violin concerto no. 1
Duration ca. 23'
Commissioned by the Columbus Symphony Orchestra, Buffalo Philharmonic Orchestra, Baltimore Chamber Orchestra, National Repertory Orchestra, National Symphony of Mexico, Mr. Robert Kent Scott and Mr. Jeremiah German.
Premiered by the Columbus Symphony Orchestra conducted by Markand Thakar, soloist Charles Wetherbee, Columbus, OH, November 19-20, 2005.
Other performances: Baltimore Chamber Orchestra conducted by Markand Thakar, soloist Charles Wetherbee, February 8, 2006; October 17, 2006; Orquesta Sinfonica Nacional de Mexico conducted by Enrique Diemecke, soloist Charles Wetherbee, June 23-25, 2006; National Repertory Orchestra conducted by JoAnn Falletta, soloist Charles Wetherbee, August 2, 2006; Kyoto Symphony Orchestra conducted by Junichi Hirokami, soloist Charles Wetherbee, August 7, 2007; Buffalo Philharmonic Orchestra conducted by JoAnn Falletta, soloist Charles Wetherbee, October 29, 2008; Orquesta de Extremadura conducted by Ann Manson, soloist Charles Wetherbee, November 21 & 22, 2008; Boca Raton Philharmonic Symphonia conducted by Laura Jackson, soloist Charles Wetherbee, April 19, 2009; Duluth-Superior Symphony Orchestra conducted by Markand Thakar, soloist Charles Wetherbee, May 19, 2012; Amarillo Symphony Orchestra conducted by Markand Thakar, soloist Charles Wetherbee, November 16-17, 2012.
The Violin Concerto could well be a significant addition to the instrument’s repertoire... Labels like to push their hot new composers, and after a while, one gets skeptical over this or that so-called discovery. Leshnoff, however, is excitingly “the real thing”, and I expect we’ll be hearing a lot more from and about him in years to come.
—Raymond Tuttle, Fanfare Magazine, July, 2009
The music of Jonathan Leshnoff (b. 1973) falls squarely in the middle of contemporary American romanticism. Its melodic lines are quite distinct, its harmonics balanced, its depth given by the composer’s mastery of both counterpoint and colorful orchestration. Though richly tonal, this is music quite distinct from anything else that’s out there at the moment.
—Strings Magazine, June, 2009
…Considering the growing number of prestigious commissions for and performances of his music, the BCO (Baltimore Chamber Orchestra) was lucky to get him…the selections on this disc…have an emotional depth and sincerity that give them immediate listener appeal.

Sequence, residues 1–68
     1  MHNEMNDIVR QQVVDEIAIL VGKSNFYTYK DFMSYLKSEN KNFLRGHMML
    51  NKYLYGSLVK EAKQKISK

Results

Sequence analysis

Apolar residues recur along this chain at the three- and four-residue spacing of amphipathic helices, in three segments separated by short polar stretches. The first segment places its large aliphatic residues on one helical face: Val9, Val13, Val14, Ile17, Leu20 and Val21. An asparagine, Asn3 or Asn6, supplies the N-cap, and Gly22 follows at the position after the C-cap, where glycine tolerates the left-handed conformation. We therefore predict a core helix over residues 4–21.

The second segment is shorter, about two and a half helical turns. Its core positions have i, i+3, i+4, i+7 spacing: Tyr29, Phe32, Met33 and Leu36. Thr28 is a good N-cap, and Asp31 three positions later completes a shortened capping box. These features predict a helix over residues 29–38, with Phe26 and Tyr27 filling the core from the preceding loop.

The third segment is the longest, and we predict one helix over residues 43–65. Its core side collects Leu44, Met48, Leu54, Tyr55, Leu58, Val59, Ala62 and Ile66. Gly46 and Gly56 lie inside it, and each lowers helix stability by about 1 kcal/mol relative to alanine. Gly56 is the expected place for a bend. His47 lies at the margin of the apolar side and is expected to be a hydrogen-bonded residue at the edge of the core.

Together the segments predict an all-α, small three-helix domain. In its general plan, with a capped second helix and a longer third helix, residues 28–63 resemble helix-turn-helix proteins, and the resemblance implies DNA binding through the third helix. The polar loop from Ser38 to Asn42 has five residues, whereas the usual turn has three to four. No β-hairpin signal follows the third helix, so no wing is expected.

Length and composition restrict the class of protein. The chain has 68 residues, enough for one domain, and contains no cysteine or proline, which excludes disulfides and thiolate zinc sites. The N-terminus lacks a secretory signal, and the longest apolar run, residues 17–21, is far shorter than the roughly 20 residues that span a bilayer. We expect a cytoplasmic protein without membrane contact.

—Bob McQuiston, Classical Lost and Found, May 11, 2009
Jonathan Leshnoff’s Violin Concerto struck me as a major addition to the repertoire when I first heard it in 2006. I’m even more convinced of that quality, having revisited the work on an all-Leshnoff CD from the Naxos label... The concerto is richly layered and almost painfully beautiful; the violin’s soaring, searing lyricism in the second movement and haunted introspection in the finale are but two examples.
—Tim Smith, Baltimore Sun, April 2, 2009
Here is where Leshnoff excels. It’s hard to think of a recent work that can compare to the length of his melodic lines in this concerto, or to their radiant beauty.
—Robert O’Reilly, InsideCatholic.com, March 31, 2009
The rich repertoire for violin and orchestra got richer with a work by Leshnoff. His Violin Concerto... is remarkably assured, cohesively constructed and radiantly lyrical... The concerto has imagination, integrity and heart. You can't ask much more of any composition.
—Tim Smith, Baltimore Sun, February 11, 2006
Jonathan Leshnoff’s music can be boldly dissonant or hauntingly lyrical, wildly animated or intriguingly contemplative. His new Violin Concerto is all of those things.
—Tim Smith, Baltimore Sun, January 1, 2006
The new concerto strikes one as thoughtful and intricate yet economical. Having heard much of it in rehearsal Thursday, I can say the piece grows on you and its themes quickly become familiar and welcome by the ear. I’d like to hear it again.
—Barbara Zuck, The Columbus Dispatch, November 19, 2005